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Article
March 21, 1931

TRAUMATIC ULNAR NEURITIS THE ELBOW AND THE OPERATING DUE TO STRAPPING OF FOREARM TO THE TABLE

JAMA. 1931;96(12):944. doi:10.1001/jama.1931.27220380004010e
Abstract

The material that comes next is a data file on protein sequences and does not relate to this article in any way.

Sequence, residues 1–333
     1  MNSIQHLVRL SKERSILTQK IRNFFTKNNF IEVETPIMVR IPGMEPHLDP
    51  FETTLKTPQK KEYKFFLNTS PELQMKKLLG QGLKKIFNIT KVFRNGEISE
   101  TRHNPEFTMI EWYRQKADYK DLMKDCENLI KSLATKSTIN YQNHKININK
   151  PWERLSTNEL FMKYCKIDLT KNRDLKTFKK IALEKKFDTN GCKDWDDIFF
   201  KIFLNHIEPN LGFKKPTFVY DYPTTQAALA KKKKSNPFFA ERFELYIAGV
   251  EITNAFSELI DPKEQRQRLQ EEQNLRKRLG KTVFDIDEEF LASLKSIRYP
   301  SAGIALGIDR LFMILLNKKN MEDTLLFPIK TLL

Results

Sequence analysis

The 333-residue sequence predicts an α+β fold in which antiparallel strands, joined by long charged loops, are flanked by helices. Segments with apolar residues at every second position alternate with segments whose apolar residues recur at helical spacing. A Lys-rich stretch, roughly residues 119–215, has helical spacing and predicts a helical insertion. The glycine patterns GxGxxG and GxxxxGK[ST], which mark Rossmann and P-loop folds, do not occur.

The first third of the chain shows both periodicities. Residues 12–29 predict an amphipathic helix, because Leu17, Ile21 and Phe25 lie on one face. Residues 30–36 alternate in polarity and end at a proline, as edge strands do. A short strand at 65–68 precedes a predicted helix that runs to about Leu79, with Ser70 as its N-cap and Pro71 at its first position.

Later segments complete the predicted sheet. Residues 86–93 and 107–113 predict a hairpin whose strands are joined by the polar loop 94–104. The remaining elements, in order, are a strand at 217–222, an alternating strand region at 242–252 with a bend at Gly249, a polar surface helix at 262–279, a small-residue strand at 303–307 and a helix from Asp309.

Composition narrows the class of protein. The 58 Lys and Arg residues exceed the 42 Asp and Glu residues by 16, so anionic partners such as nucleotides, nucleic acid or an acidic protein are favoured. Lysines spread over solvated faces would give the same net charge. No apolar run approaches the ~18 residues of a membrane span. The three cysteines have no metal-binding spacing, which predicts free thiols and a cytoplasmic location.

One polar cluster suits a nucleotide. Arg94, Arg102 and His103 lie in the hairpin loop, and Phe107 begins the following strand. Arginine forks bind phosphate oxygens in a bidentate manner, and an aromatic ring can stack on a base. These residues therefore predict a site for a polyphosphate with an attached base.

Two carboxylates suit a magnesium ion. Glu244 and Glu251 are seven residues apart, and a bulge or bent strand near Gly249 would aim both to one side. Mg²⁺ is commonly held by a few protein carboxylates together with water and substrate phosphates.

The ulnar nerve traversing the epicondylar groove of the humerus in a subcutaneous position is apt to be injured through changes either within itself or in the surrounding tissues. Scar tissue formation in the groove caused by bruises and small hemorrhages may compress this structure and thus irritate it. When one considers the fact that the ulnar nerve with each flexion-extension movement at the elbow moves half an inch or more, one realizes the ease with which changes in the groove through which it traverses may irritate and alter its functions. In the next few paragraphs I shall describe the case of a young man, aged 24, who was taken to the operating room for herniorrhaphy. The upper extremities were strapped to the table in the usual manner. Soon after the reaction from the anesthetic he noticed a peculiar feeling of numbness in the little and ring fingers of the

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